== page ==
AJ Burgess
AJ Burgess spent spent 10 months in a neonatal intensive care unit after he was born GoFundMe

A two-year-old boy has been told he must wait for a life-saving kidney transplant, despite his father being a "110% match" for a donation – because he had spent time in jail. AJ Burgess, who was born prematurely without a working kidney and still only weighs 25 pounds, is in desperate need of an organ transplant – but surgeons at the Emory Hospital in Atlanta are refusing to operate.

The boy's father, Anthony Dickerson, was tested for suitability and shown to be a perfect match for his son, but at the time was in prison for violating his probation on weapons charges.

He spoke of how "he made it his business" to give his son the kidney he ends upon his release and went through all the necessary procedures for the operation to take place on release on 3 October.

However, he was soon sent back to jail for violating his parole again for possession of a firearm or knife during the commission of or attempt to commit certain felonies, reported CBS 46.

When he was released again, Dickerson was told that the operation now may need to be put back by a few months.

The boy's mother, Carmella Burgess said: "The lady said we need your parole information and your probation info. He said 'why?'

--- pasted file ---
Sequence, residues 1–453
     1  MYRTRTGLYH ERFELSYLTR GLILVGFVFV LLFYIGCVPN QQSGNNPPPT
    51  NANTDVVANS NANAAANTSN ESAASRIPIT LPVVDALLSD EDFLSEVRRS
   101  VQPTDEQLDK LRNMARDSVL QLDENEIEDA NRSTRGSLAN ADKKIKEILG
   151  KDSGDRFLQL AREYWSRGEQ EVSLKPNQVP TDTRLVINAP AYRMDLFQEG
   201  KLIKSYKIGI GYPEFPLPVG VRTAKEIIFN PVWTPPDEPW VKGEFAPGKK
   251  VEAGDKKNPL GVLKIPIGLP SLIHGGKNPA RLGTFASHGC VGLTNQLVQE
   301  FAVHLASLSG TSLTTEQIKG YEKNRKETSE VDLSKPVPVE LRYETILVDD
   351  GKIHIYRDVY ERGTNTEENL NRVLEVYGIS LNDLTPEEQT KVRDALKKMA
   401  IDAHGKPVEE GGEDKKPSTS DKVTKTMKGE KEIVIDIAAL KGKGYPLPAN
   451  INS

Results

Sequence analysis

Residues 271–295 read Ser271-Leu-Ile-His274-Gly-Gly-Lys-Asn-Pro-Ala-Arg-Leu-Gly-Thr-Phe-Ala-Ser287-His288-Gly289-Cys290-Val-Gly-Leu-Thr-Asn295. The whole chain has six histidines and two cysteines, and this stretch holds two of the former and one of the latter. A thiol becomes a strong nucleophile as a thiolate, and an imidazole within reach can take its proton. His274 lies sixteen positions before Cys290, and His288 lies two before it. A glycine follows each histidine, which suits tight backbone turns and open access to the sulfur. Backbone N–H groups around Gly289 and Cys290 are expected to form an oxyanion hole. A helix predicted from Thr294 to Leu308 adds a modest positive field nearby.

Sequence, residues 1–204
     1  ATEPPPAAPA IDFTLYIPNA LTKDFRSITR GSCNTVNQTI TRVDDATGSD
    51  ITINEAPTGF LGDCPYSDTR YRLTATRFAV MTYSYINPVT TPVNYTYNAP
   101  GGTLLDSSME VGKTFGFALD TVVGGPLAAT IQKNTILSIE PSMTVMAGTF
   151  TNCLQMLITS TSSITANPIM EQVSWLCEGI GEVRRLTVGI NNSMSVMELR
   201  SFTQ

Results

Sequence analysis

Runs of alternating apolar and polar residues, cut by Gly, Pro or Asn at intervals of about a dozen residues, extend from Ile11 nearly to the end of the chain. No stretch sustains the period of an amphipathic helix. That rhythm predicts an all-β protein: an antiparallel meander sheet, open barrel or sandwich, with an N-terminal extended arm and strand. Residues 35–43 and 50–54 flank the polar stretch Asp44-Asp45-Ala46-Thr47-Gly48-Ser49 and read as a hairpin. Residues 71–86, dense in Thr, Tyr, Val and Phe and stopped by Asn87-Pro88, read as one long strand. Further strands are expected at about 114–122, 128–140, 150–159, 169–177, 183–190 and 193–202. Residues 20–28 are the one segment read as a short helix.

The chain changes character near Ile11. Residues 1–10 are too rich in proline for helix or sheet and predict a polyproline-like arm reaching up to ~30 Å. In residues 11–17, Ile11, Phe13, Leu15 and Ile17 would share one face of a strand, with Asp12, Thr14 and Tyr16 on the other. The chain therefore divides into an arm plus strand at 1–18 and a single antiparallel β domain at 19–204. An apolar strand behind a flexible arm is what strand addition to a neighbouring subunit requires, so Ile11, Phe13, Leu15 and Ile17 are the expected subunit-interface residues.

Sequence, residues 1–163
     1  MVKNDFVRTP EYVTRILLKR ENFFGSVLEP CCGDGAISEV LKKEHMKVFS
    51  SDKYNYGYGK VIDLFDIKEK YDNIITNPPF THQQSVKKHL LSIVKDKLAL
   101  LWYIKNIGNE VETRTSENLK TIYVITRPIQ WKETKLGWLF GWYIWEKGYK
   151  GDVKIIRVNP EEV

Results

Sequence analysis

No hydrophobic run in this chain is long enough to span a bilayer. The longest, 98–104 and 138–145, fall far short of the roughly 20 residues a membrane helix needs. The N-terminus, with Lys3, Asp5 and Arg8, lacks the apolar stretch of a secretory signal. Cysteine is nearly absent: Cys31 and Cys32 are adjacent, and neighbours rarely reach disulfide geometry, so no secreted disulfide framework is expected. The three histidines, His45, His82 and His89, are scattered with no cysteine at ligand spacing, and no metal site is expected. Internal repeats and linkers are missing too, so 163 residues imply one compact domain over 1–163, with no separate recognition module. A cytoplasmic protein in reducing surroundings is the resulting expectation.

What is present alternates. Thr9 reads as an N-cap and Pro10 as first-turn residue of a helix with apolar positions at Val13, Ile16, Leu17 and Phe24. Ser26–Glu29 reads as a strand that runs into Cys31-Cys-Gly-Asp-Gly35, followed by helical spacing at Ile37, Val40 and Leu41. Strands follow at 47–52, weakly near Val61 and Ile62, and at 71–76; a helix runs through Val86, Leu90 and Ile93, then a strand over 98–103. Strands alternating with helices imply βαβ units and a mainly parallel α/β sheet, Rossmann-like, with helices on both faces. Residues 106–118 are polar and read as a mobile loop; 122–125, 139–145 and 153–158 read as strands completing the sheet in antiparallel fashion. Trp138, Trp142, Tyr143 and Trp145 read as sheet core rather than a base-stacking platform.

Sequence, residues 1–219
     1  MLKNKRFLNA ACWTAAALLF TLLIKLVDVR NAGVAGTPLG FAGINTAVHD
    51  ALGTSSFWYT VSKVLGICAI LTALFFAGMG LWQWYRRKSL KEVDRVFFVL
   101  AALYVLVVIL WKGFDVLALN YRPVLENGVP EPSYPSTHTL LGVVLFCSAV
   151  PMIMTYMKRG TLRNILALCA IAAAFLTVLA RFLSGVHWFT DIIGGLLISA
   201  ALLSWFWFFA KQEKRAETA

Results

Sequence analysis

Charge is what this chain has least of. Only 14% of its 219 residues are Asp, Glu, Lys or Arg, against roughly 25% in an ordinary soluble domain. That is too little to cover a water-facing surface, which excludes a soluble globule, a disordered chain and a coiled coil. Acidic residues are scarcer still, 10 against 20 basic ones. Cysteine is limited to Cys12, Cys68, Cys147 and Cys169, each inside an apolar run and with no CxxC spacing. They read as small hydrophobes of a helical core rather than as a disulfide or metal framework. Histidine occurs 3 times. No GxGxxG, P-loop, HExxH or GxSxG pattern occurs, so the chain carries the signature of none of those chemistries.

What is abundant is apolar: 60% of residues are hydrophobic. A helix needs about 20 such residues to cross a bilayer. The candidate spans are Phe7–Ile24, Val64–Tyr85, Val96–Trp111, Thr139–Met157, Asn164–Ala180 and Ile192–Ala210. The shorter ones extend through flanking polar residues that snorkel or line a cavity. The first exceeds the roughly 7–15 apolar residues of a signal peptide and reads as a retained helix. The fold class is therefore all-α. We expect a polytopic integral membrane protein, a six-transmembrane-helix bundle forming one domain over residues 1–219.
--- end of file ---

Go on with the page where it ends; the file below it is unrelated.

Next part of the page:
"We need you to be on good behaviour for three to four months before you can give your son the kidney. And January 2018 we will think about re-evaluating you,' basically."

It is feared AJ, who cannot walk, is fed intravenously and gets hooked up to a dialysis machine every day, will not survive until January 2018 for his operation.

In a statement to CBS 46, Emory Healthcare said it cannot discuss specific aspects of patient cases but commented that organ transplant procedures are designed to ensure success for the recipients.

A spokesperson added: "Emory Healthcare is committed to the highest quality of care for its patients. Guidelines for organ transplantation are designed to maximise the chance of success for organ recipients and minimise risk for living donors.

"Because of privacy regulations and respect for patient confidentiality, we cannot share specific information about patients."

The family has set up a GoFundMe page to ask for donations to help cover hospital costs, as well as to raise awareness of their situation.